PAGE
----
rich and moist loam perfumed the air, and
in the dusk of beeches and of oaks stood the
quiet homes. She paused now and then,
looking in the gardens, or at a group of
children, then passed on, smiling in content.

Her accent was so strange, that the agent
for real estate, whom she visited, asked her,
twice and once again, what it was she said.

"I want," she had repeated smilingly,
"an upland meadow, where clover will
grow, and mignonette."

At the tea-tables that night, there was a
mighty chattering. The brisk village made
a mystery of this lady with the slow step,
the foreign trick of speech, the long black
gown, and the gentle voice. The men,
concealing their curiosity in presence of the
women, gratified it secretly, by sauntering
to the tavern in the evening. There the
keeper and his wife stood ready to convey
any neighborly intelligence.

"Elizabeth Astrado" was written in the
register, -- a name conveying little, unaccom-
panied by title or by place of residence.

"She eats alone," the tavern-keeper's
wife confided to their eager ears, "and asks
for no service. Oh, she's a curiosity!
She's got her story, -- you'll see!"

In a town where every man knew every
other man, and whether or not he paid his
taxes on time, and what his standing was in
church, and all the skeletons of his home, a
stranger alien to their ways disturbed their
peace of mind.

"An upland meadow where clover and
mignonette will grow," she had said, and
such an one she found, and planted thick
with fine white clover and with mignonette.
Then, while the carpenters raised her cabin
at the border of the meadow, near the street,
she passed among the villagers, mingling
with them gently, winning their good-will,
in spite of themselves.

The cabin was of unbarked maple logs,
with four rooms and a rustic portico. Then
all the villagers stared in very truth. They,
living in their trim and ugly little homes,
accounted houses of logs as the misfortune
of their pioneer parents. A shed for wood,
a barn for the Jersey cow, a rustic fence,
tall, with a high swinging gate, completed
the domain. In the front room of the cabin
was a fireplace of rude brick. In the bed-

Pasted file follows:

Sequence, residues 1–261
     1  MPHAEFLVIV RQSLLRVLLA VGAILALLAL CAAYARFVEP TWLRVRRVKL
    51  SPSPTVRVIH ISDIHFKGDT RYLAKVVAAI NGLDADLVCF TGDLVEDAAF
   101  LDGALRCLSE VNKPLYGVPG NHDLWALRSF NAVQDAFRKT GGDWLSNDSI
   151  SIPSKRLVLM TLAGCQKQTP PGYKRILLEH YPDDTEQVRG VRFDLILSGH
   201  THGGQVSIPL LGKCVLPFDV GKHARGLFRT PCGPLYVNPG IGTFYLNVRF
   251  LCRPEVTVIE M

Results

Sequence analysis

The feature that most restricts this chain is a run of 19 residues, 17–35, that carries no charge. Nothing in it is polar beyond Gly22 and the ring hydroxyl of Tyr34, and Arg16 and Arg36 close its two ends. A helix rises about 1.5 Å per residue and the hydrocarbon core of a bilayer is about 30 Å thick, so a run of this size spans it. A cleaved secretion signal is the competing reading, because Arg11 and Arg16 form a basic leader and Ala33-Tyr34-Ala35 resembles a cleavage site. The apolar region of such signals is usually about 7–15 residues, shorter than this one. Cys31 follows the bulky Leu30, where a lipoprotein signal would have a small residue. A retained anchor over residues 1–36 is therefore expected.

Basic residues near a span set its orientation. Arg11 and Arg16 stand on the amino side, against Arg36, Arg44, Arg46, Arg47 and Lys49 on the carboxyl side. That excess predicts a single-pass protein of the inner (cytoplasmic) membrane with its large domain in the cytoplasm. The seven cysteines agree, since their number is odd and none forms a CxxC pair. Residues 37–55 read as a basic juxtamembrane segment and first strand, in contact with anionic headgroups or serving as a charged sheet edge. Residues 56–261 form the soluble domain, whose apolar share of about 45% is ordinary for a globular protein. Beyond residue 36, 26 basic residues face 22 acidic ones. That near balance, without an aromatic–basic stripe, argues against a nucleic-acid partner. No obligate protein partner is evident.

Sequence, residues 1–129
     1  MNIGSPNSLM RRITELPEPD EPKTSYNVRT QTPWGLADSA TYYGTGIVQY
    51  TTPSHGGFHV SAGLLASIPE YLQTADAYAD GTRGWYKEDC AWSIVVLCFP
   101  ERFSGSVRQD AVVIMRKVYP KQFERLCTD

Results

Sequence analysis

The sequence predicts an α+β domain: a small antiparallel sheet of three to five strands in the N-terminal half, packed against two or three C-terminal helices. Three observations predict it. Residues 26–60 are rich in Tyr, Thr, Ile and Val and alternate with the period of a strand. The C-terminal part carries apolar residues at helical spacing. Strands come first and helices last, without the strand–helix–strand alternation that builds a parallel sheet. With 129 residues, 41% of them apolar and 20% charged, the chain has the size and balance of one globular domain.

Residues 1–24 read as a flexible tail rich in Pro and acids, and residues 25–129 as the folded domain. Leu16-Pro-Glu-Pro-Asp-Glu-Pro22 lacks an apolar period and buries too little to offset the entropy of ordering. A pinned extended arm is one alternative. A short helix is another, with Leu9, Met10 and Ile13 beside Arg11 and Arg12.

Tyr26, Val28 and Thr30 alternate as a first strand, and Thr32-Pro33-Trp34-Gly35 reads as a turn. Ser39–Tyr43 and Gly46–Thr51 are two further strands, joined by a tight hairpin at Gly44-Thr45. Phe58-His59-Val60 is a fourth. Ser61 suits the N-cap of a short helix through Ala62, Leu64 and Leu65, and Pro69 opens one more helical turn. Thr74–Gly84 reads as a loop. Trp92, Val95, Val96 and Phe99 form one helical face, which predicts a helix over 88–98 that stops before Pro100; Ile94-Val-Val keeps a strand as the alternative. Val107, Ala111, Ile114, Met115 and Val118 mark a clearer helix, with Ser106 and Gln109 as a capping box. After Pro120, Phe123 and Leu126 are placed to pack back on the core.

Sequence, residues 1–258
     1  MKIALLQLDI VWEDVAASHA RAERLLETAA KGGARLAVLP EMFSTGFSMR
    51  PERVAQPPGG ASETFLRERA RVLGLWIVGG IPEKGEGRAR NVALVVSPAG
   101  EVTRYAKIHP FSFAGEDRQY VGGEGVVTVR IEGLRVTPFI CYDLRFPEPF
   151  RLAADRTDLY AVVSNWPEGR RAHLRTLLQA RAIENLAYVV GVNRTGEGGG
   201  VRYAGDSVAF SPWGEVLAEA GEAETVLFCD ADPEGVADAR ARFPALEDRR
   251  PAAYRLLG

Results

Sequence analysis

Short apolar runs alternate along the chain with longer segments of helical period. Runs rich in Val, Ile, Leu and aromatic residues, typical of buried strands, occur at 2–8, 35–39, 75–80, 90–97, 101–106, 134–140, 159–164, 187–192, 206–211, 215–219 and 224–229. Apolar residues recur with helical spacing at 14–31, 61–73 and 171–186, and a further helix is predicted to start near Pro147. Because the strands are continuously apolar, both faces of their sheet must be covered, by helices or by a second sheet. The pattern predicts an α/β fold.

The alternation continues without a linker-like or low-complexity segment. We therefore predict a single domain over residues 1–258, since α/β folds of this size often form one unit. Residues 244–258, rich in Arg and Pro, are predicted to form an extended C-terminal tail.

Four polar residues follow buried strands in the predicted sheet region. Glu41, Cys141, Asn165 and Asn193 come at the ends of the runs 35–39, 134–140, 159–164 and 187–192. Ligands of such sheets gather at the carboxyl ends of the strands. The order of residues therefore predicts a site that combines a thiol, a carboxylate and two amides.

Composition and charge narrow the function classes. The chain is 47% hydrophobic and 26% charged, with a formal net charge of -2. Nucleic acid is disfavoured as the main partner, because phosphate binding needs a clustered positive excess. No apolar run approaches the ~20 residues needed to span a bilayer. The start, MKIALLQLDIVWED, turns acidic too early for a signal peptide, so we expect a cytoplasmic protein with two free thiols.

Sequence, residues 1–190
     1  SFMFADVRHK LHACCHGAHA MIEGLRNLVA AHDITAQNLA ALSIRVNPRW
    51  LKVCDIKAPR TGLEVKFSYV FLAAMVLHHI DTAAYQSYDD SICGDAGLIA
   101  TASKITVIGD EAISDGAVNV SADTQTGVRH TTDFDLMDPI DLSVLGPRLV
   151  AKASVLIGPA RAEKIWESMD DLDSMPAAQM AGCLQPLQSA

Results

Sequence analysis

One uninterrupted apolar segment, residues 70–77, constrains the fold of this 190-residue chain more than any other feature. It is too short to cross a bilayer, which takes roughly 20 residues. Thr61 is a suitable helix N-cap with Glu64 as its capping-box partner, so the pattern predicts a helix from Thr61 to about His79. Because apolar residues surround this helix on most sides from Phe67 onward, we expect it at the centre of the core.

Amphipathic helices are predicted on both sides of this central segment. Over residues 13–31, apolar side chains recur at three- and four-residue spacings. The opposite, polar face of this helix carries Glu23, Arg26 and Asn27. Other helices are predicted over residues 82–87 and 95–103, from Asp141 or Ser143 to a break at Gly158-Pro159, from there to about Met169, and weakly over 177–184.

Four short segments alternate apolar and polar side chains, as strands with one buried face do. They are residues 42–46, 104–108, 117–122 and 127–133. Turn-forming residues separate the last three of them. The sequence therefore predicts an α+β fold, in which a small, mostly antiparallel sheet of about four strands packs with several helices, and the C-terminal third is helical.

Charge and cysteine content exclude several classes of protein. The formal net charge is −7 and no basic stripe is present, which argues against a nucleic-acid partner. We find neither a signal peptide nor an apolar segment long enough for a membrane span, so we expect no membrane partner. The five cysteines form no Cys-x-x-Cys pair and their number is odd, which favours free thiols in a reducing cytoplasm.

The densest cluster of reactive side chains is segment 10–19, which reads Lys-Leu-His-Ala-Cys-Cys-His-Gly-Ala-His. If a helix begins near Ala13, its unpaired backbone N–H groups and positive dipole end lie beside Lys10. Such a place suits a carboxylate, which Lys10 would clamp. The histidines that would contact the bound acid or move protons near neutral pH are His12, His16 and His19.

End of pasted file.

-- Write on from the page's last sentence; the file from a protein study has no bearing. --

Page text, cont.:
rooms, cots as bare and hard as a nun's, and
in the kitchen the domestic necessaries;
that was all. The poorest house-holder in
the town would not have confessed to such
scant furnishing. Yet the richest man
might well have hesitated before he sent to
France for hives and hives of bees, as she
did, setting them up along the southern
border of her meadow.

Later there came strong boxes, marked
with many marks of foreign transportation
lines, and the neighbor-gossips, seeing
them, imagined wealth of curious furniture;
but the man who carted them told his wife,
who told her friend, who told her friend,
that every box to the last one was placed in
the dry cemented cellar, and left there in
the dark.

"An' a mighty ridic'lous expense a cellar
like that is, t' put under a house of that
char'cter," said the man to his wife -- who
repeated it to her friend.

"But that ain't all," the carpenter's wife
had said when she heard about it all,
"Hank says there is one little room, not fit
for buttery nor yet fur closit, with a window
high up -- well, you ken see yourself --
an' a strong door. Jus' in passin' th' other
day, when he was there, hangin' some
shelves, he tried it, an' it was locked!"

"Well!" said the women who listened.

However, they were not unfriendly, these
brisk gossips. Two of them, plucking up
tardy courage, did call one afternoon. Their
hostess was out among her bees, crooning to
them, as it seemed, while they lighted all
about her, lit on the flower in her dark hair,